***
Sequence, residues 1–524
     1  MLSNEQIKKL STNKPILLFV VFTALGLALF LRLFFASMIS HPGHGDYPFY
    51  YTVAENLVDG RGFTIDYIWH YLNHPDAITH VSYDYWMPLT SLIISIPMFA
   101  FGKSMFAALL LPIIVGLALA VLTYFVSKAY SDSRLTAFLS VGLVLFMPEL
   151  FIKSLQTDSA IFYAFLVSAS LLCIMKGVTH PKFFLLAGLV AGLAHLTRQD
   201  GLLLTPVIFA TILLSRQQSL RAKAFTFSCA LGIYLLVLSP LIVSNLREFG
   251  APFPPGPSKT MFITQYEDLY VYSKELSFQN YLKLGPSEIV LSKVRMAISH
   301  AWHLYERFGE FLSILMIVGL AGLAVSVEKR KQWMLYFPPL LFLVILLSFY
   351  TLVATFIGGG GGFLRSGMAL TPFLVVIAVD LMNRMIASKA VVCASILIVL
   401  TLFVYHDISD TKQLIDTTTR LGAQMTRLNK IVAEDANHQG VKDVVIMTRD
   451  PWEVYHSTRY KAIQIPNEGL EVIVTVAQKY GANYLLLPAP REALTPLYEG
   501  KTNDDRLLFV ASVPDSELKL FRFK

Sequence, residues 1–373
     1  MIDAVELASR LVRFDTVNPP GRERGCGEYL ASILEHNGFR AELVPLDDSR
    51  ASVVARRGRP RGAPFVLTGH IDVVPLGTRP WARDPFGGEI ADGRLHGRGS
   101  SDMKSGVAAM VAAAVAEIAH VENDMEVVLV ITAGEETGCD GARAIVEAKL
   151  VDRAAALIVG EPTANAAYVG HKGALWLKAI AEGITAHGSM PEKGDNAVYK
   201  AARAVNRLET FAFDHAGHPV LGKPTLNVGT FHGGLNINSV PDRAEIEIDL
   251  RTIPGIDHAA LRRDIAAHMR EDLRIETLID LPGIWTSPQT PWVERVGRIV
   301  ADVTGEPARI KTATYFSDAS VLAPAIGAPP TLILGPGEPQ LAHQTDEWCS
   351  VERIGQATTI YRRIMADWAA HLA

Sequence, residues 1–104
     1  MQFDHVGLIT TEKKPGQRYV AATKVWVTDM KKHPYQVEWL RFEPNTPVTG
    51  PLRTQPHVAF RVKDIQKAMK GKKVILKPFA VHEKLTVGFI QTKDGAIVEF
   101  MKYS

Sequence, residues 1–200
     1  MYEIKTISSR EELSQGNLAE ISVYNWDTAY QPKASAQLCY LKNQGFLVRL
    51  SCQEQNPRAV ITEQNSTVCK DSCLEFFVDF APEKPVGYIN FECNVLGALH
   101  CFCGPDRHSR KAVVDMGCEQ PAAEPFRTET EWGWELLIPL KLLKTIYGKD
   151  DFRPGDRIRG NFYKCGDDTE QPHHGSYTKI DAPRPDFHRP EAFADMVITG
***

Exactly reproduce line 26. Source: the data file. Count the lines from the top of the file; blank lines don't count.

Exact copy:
Sequence, residues 1–200